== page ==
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Reviving Low-Budget Meals

Saturday’s warning of snow and ice overnight in central North Carolina prompted me to create a new hearty winter soup—Cannellini Cabbage Soup—for all of us to enjoy during the cold months of January and February. It’s substantial enough to serve as a one-pot meal, although it would be happy to be served over a favorite grain and to share the stage with some warm cornbread just out of the oven.

As the price of food has risen precipitously over the past year, eating vegan and vegetarian meals is not only a healthy choice but also great for your family budget. Half a head of cabbage and a single cup of beans will easily provide a meal for a family of four to six—and these ingredients are as inexpensive as any foods you can find in the market. Once you stock up on what I believe are the essential spices for flavorful vegetarian food—ground cumin, coriander, and turmeric—you can cook the rest of many meals for a few dollars. Full disclosure: the red cabbage will turn a pale pink when it’s cooked well enough to be more easily digested, but I added a few raw cabbage pieces to add some color to the photo!

With the Omicron variant of Covid being so very sociable, it’s smart to cook and serve meals at home to protect your family from the inconvenience, misery, or worse of becoming infected—especially since the elderly and people with underlying health conditions are still dying from this “less severe” form of the virus.

Enjoy this delicious and satisfying Cannellini Cabbage Soup while you stay safe and warm this winter!

PS Looking for more soup recipes?  Put the word “soups” in the search bar at the top of the blog to find Broccoli & Carrot Soup (that can be winterized by adding 2 to 3 teaspoons of freshly grated ginger), Curried Cauliflower Soup, and Savory Sweet Potato Soup with Chocolate Swirl along with many more!




Preparation Time: 75 to 90 minutes
Serves 4 to 6
For an Instant Pot, Standard Pressure Cooker, or Standard Pot

If you don’t tolerate or like beans, you can make this dish by cooking the vegetables in stock and serving over quinoa or millet to add some vegan protein to your meal. Hard beans are always easier to digest if soaked in water for 8 to 12 hours before cooking. They are also easier to digest if you add a pinch of gluten-free asafetida in the cooking process. Beans cook much faster in a standard pressure cooker or Instant Pot on a pressure setting. For creamier beans, it’s always best to add the salt (or the salted stock) after they’ve cooked instead of before.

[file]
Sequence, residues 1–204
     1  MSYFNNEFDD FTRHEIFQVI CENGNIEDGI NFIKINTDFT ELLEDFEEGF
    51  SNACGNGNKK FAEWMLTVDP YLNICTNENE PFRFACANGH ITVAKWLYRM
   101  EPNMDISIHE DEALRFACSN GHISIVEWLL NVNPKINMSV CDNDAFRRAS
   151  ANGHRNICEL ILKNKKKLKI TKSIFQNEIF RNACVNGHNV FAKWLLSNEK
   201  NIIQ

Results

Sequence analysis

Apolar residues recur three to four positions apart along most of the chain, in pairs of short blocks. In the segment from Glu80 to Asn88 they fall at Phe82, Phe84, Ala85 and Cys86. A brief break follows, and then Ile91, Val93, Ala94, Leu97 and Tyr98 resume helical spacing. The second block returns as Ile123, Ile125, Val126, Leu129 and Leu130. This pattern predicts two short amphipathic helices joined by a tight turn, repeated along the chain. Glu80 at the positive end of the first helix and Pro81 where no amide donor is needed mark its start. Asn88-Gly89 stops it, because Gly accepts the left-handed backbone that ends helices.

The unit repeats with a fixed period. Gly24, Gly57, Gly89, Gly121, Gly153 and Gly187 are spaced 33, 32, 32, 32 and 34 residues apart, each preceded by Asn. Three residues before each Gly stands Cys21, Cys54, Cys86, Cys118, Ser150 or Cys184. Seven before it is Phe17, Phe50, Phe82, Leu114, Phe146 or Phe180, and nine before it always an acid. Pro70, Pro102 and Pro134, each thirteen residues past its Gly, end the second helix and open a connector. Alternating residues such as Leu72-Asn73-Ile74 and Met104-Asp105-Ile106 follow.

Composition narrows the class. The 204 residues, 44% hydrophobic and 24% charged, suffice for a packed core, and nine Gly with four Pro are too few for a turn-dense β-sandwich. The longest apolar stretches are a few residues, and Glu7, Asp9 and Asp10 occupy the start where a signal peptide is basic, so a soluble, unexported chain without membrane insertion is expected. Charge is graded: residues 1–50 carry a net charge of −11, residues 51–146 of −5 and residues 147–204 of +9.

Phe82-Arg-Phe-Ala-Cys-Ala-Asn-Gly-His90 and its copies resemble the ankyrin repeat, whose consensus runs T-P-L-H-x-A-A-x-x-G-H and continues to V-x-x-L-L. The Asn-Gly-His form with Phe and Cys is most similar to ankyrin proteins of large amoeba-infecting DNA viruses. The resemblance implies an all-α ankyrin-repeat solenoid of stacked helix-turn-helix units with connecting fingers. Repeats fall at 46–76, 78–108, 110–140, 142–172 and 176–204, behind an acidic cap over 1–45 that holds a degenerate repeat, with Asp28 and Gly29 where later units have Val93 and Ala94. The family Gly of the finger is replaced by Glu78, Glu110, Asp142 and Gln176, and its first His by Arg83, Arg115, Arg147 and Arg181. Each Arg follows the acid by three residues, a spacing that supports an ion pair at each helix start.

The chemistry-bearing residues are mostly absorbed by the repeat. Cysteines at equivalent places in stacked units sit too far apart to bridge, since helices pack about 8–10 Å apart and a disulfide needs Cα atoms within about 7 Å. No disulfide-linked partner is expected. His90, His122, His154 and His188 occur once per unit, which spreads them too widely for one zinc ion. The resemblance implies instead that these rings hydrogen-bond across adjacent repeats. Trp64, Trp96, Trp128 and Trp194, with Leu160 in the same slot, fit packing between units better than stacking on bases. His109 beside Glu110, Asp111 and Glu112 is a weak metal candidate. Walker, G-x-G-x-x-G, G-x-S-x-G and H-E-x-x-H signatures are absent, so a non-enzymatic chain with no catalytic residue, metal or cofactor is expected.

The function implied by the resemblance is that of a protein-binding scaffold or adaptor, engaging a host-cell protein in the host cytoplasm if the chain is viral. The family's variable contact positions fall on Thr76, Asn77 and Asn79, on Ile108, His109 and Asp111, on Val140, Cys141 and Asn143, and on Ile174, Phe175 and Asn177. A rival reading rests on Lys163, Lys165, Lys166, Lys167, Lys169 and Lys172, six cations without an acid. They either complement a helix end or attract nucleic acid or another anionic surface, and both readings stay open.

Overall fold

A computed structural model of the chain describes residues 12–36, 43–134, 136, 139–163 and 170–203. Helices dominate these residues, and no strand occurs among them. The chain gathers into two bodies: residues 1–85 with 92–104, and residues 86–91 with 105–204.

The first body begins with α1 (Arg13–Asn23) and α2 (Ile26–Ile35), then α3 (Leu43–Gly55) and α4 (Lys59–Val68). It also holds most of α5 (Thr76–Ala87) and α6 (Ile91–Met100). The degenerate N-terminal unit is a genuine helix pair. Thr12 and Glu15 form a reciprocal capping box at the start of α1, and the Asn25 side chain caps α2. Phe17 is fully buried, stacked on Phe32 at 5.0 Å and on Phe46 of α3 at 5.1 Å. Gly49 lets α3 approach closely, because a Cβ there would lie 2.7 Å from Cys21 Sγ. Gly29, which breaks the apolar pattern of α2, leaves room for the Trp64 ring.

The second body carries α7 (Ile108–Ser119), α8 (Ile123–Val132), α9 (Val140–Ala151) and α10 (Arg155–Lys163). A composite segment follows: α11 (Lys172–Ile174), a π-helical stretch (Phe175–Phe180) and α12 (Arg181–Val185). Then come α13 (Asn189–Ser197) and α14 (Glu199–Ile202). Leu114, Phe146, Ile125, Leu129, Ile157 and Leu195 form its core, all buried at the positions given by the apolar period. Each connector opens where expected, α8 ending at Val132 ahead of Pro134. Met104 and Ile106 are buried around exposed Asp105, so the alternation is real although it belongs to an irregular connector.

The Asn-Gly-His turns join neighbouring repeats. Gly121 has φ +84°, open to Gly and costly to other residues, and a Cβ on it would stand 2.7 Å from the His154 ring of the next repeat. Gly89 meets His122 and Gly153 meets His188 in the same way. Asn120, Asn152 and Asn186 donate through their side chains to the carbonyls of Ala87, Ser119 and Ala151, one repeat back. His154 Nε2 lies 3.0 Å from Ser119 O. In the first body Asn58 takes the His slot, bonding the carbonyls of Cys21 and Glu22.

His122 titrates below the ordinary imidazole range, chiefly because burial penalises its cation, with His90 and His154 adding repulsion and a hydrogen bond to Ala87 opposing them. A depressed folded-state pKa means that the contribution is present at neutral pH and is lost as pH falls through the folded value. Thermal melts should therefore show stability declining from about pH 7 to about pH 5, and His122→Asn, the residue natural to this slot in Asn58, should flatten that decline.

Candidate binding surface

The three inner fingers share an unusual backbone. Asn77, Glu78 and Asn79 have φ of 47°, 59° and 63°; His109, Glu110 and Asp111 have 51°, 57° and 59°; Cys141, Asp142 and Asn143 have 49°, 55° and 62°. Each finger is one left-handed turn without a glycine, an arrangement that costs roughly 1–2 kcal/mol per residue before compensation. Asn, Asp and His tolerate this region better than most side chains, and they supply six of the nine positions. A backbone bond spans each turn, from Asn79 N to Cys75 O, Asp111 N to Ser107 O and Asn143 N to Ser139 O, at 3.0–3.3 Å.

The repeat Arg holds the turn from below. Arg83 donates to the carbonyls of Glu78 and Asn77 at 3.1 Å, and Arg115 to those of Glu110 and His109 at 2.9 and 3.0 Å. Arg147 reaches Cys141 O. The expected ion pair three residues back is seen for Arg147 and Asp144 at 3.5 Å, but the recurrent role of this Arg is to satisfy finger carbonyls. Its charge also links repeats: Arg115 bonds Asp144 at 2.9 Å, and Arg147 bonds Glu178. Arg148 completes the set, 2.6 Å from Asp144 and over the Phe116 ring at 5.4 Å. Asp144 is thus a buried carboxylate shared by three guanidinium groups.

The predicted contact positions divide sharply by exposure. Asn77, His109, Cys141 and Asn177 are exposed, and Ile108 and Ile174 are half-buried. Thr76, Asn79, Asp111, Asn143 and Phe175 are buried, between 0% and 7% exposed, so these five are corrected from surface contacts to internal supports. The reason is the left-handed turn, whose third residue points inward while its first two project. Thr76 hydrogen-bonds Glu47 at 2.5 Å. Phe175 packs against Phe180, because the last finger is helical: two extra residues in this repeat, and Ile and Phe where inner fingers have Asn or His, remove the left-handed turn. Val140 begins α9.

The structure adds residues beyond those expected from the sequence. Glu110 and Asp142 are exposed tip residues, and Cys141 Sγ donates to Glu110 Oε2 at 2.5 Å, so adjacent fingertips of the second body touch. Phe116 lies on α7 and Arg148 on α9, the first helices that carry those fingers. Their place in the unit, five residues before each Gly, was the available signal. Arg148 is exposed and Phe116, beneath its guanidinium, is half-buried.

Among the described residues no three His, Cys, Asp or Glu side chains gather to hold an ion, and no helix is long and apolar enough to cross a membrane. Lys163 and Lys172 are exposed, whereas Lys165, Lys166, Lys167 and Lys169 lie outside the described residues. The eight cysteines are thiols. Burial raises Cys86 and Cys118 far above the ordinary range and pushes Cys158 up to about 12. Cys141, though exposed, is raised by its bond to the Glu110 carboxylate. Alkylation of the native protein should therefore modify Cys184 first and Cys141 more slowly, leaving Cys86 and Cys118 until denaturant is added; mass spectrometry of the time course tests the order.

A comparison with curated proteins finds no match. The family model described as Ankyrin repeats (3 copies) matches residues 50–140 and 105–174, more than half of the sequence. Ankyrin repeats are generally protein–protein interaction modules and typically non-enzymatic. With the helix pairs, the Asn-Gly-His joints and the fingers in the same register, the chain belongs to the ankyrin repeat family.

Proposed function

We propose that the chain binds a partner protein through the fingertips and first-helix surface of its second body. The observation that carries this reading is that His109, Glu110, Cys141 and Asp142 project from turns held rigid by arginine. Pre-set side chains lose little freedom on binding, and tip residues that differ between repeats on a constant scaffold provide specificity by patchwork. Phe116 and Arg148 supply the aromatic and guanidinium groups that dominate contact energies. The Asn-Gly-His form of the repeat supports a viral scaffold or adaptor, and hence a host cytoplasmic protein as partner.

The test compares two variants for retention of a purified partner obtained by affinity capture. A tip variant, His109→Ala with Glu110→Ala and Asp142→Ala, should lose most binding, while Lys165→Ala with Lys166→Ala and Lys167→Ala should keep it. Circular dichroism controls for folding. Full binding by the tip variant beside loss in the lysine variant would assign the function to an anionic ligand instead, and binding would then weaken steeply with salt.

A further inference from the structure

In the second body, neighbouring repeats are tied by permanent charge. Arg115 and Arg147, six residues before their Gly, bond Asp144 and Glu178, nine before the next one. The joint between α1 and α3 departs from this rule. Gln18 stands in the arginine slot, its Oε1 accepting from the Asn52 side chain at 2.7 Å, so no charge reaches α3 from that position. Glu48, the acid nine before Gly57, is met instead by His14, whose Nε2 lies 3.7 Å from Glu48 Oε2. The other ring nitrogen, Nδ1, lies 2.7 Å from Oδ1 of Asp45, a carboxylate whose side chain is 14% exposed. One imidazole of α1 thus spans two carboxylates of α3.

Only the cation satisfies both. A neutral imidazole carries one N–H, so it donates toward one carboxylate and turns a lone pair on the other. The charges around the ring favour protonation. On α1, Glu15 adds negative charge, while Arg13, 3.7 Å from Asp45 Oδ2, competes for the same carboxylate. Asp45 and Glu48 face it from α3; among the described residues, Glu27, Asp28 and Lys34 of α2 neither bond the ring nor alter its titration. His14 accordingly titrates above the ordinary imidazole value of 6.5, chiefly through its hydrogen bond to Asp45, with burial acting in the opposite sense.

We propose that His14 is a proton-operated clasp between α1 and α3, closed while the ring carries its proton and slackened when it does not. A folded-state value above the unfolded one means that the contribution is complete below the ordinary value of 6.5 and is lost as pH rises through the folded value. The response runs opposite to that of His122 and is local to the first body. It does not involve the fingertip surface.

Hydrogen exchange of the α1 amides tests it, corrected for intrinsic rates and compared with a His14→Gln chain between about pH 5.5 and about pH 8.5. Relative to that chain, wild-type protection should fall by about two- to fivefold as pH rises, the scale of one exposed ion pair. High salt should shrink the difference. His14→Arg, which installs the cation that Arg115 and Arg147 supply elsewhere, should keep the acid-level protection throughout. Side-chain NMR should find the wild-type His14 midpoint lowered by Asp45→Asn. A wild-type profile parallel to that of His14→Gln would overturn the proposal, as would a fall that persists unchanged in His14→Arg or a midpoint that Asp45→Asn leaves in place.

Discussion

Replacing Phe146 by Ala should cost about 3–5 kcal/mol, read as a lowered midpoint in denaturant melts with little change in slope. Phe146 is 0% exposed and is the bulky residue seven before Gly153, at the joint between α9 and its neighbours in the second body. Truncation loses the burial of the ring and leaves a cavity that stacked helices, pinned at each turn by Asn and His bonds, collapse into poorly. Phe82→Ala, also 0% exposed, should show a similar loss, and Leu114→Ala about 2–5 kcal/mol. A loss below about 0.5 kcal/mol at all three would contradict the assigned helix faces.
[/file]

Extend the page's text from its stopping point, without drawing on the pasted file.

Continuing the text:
1 cup dried cannellini or another white bean
1 small red cabbage
1 medium or large sweet onion
2 tablespoons avocado oil or coconut oil
2 or 3 fennel stalks or 1 large celery stalk
3 or 4 leaves red Swiss chard with stems, or other greens
1 large sweet potato
1 fresh or dried bay leaf
1 to 2 tablespoons favorite fresh herbs combined, such as rosemary, thyme, or basil
2 teaspoons freshly grated ginger
2 cloves pressed garlic
¾ teaspoon ground cumin
¾ teaspoon ground coriander
½ teaspoon ground turmeric
⅛ teaspoon ground asafetida (optional)
½ to 1 teaspoon balsamic vinegar
2 to 3 teaspoons mineral salt

1. Soak the beans in water for 8 to 10 hours. When ready to cook, strain the beans and rinse three times. Strain them again and add the beans to a pressure cooker, Instant Pot, or standard pot for stovetop cooking.

2. Chop the cabbage into bite-sized pieces and add 4 cups of the cabbage to the pot with 5 cups water. Bring to high pressure in a pressure cooker; then remove from the heat and let the pressure release naturally. In an Instant Pot, cook on high pressure for 12 minutes followed by a natural pressure release. In a standard pot, also add the bay leaf, bring to a boil, reduce the heat to medium, and cover. Cook on a gentle boil for at least 1 hour, until the beans are completely tender.

3. While the beans and cabbage are cooking, dice an onion. Heat a sauté pan on medium heat, add oil and the diced onion. Once the onion turns golden, reduce the heat to low and slowly caramelize for 15 to 20 minutes, stirring periodically. (You could start this soup in an Instant Pot by sautéing the onion first; however, if you sauté the onion outside the pot, you will save about 10 minutes.) Wash and chop the fennel or celery and chard stems and leaves. Peel and dice the sweet potato (about 3 cups).

4. When the pressure releases on the pressure cooker and Instant Pot, add the bay leaf and chopped vegetables. In the pressure cooker, continue to cook without a seal or pressure until the vegetables are tender (about 15 minutes). If making the soup in an Instant Pot, reset the cooker to low pressure for 12 minutes. For the standard stovetop pot, add the chopped vegetables after the beans have been cooking for an hour, or until the beans are tender. Then cook the vegetables with the beans until tender—about another 15 minutes.

5. While the vegetables are getting tender, prepare the fresh herbs by rinsing, chopping (if necessary) and measuring. Peel and grate the ginger. Peel and press the garlic. Once you can open the Instant Pot the second time, add the herbs, ginger and garlic to the soup. For the other cooking methods, add the herbs once the vegetables are almost tender.

6. Add the cumin, coriander, turmeric, and asafetida to the onions and stir. Once the beans and vegetables are tender, add the spiced onions. If you enjoy a thinner soup, add another 1 or 2 cups of water or fresh stock, if available. Finish the soup with the salt and vinegar, both to taste. Stir well and serve on its own as a soup or over rice, millet, or quinoa, if you wish.


Avoid or reduce garlic and increase ginger.

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